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[QUOTE=teteri66;5038330]I am a combination of both. The first surgery of any type that I had was a PLIF at L4-L5 for spondylolisthesis and extreme stenosis. The surgery was a success in medical terms, but by nine months post surgery, I had concluded that it was like I had never had surgery. I had the same amount of leg pain and my lifestyle was just as severally restricted.

Then it took me almost two more years to figure out what was causing the pain. They had taken care of what appeared to be my pain generators, and I know the stenosis was, but, I was still in pain and could not walk to the mailbox to get my mail, nor stand long enough to chop an onion.

The problem was that nothing showed up on any imaging. When a surgeon performs surgery and it is medically successful, then nothing shows on MRI that is anything but normal looking, it seems that the surgeon is at a loss as to what to do next, and generally passes the patient on to pain management.

I was told by several surgeons that my only option was to try an implanted neurostimulator. However, I wasn't willing to give up on finding a surgical solution, and, two years later, I did. And I was rewarded for my persistence and having a surgeon who didn't give up on me either. He had told me too, to try the neurostimulator, but I just kept going back every month and ask: "what shall we try next?"

When I finally had surgery, when he opened me up, he quickly discovered what the problem was. My facets at L3 had almost completely worn away and were just little nubs, which were allowing my spine to slip and slide into positions nature had not intended! He did some reconstruction at that level, took out my old rods and screws at L4-L5 which were not compatible with the new hardware, and then put in longer rods and screws to connect me from L3 to S1.

Then began a very long and slow recovery which took two years...because he was determined that I not do anything to cause even a moment of sciatic pain. So the PT could only work me up to a certain point and then we would stop for months as my body caught up to what he wanted me to do. I started and stopped PT probably 4 different times...but I am doing great today.

I can walk as far as I want. I was given the green light to do some gardening this summer (my surgery was June 1, 2010). Last weekend I planted two trees, with some help from my husband, and yesterday I planted 4 good-sized shrubs in a new foundation planting I am doing along the front of our house. I pace myself. I don't allow myself to get overly tired and I am careful. I am sore by evening and I am stiff the following morning, but I don't have a bit of sciatic pain or nerve pain of any type.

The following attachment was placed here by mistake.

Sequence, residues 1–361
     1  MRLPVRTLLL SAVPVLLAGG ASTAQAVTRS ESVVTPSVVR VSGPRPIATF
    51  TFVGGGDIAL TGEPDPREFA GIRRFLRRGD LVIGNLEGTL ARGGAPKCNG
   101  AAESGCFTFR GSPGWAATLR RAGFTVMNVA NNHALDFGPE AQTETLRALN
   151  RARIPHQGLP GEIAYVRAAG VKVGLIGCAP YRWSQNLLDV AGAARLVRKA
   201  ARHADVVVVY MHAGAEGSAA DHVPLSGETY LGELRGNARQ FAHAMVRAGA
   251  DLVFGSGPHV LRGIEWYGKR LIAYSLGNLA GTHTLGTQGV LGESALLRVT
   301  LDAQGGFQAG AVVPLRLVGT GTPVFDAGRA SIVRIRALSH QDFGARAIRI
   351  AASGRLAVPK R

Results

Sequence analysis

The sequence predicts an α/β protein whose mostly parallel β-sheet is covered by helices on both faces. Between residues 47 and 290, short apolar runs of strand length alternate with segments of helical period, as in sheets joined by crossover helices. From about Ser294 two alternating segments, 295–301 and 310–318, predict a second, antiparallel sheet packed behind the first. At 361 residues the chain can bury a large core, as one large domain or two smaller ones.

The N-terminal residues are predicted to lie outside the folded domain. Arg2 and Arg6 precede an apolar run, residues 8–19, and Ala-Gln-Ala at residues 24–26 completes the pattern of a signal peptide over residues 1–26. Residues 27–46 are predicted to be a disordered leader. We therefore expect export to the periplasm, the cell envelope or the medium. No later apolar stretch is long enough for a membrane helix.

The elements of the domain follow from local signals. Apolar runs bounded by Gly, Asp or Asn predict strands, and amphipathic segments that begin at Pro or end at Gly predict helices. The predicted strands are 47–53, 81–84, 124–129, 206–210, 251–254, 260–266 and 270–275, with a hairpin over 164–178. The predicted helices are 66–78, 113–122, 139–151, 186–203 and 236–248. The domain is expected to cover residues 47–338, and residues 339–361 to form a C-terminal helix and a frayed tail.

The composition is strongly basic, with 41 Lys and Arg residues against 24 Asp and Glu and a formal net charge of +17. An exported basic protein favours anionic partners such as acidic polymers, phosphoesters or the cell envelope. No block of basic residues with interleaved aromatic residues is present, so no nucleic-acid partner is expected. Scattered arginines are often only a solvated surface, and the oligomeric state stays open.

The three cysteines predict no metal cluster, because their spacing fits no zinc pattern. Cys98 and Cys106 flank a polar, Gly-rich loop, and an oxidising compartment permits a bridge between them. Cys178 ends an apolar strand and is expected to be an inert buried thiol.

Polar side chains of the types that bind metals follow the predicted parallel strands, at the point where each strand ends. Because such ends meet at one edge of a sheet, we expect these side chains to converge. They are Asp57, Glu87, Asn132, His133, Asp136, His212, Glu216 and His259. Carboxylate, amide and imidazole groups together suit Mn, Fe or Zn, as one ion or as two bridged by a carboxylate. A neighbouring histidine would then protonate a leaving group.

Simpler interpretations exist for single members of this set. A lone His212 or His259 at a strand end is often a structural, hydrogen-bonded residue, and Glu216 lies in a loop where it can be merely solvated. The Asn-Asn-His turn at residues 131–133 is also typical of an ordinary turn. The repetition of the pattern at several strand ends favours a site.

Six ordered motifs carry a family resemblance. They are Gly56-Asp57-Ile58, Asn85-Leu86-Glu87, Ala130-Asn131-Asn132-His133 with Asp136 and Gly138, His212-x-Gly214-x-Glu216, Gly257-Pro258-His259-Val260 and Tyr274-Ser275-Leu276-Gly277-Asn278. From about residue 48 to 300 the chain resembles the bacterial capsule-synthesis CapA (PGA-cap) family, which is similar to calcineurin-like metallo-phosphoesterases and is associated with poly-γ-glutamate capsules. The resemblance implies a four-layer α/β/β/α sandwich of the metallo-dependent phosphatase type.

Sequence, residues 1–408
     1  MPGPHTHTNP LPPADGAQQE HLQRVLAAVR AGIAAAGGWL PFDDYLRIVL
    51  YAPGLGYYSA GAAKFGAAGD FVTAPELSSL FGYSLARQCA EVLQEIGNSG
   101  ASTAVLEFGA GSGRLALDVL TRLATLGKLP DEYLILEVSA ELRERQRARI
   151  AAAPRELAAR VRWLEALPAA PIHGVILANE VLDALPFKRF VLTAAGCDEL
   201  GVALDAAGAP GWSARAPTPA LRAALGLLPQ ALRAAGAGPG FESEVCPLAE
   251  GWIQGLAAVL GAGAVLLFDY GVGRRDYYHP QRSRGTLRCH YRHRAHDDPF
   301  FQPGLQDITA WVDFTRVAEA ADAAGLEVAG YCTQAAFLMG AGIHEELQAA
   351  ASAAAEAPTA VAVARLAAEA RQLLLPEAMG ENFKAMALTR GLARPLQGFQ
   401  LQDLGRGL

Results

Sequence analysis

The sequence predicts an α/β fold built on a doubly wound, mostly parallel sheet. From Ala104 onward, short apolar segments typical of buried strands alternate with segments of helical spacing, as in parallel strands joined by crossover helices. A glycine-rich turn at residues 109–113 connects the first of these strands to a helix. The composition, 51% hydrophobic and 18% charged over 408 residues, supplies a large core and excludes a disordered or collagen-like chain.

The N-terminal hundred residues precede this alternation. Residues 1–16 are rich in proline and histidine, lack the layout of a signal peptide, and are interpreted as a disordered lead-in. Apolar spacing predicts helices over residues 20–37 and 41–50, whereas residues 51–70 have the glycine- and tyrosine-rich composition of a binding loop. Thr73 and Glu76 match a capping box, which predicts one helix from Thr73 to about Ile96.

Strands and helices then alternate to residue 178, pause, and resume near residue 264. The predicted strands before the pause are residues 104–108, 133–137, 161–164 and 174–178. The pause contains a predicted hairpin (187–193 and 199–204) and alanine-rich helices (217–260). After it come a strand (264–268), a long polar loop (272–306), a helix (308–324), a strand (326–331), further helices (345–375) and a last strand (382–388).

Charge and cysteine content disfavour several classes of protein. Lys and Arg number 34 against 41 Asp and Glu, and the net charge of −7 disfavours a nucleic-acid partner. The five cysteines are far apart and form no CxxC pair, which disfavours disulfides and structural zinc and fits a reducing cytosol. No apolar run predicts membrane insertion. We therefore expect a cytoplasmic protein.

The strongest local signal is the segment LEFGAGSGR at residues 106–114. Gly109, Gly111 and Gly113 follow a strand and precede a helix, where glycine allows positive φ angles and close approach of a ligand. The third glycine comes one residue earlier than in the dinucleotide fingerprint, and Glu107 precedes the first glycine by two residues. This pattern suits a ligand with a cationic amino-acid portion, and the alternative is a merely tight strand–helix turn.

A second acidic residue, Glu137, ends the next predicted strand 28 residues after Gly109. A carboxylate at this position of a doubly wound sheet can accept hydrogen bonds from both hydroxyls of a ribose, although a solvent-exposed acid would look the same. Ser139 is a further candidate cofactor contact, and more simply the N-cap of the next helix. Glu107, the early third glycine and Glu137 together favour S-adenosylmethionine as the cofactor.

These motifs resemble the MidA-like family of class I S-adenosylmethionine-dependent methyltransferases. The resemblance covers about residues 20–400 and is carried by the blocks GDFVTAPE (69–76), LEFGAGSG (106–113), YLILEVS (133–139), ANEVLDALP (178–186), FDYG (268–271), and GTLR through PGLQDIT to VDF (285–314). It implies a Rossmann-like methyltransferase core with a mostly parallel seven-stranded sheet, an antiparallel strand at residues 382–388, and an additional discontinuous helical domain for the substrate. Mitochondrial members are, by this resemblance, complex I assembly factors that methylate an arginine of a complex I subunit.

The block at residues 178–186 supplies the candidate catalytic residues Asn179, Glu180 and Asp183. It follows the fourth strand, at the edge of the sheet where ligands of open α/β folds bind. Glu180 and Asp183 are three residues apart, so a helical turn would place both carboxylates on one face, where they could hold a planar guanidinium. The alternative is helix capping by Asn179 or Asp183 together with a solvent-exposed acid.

My back is almost never out of my thoughts. I consider every move I make and evaluate whether it has the potential to harm my fusion...and I am very mindful that L2 and my SI joints are now the first areas of my spine that can move...and as such, are I don't take big lifting limit is 30 pounds, so I buy my gardening stuff in smaller bags or shop where they will put it in my car. I did give up ice skating because I am afraid of falling, but other than that, I can't think of too many things I cannot do.

I was lucky as revision surgeries are higher risk than regular spine surgery, and I give thanks every day, and think my surgeon is a magician.[/QUOTE]

Dear Teteri,
I read your post; I can't imagine how similar our problems/surgeries are! The only thing my second surgery was b/c my upper levels gave up on me. L-2 and L-3. My second surgeon told me this is common, people want to live their lives, no matter how careful you are - still fusion/hardware is too hard on above levels. My second surgery was 2 years after first one, I also was coming to my first surgeon office every month asking what can you do to help this pain; what can you do to help my dropped foot? Pain Management. I was very persistent and when second surgeon told me the problem i have (luckily they were able to see problem during discogram; no other tests showed anything, as well as in your case.) I was told surgery is a must.
I write this to you just to let you know what I was told. You say you allowed to carry 30 pounds. I was told to never carry more than 5-10 pounds. I was told to never do any labor which requires you to bend. I can to squat, not bend.
Another thing, I really and truly happy for you. I love to hear success stories, but you are very smart for watching and remembering to be careful. I was told since you had your first spinal fusion you can't never forget you must be careful.

Keep up with good job girl! I know your garden looks great and I am a little jealous you able to do it. ;) Every spring I thing maybe miracle happens and I will be pain free, walking well and will be able to take care about my garden too. But no miracles for me; so my garden has "masculine" look since only my husband takes care of it. You just can

Hugs and best wishes

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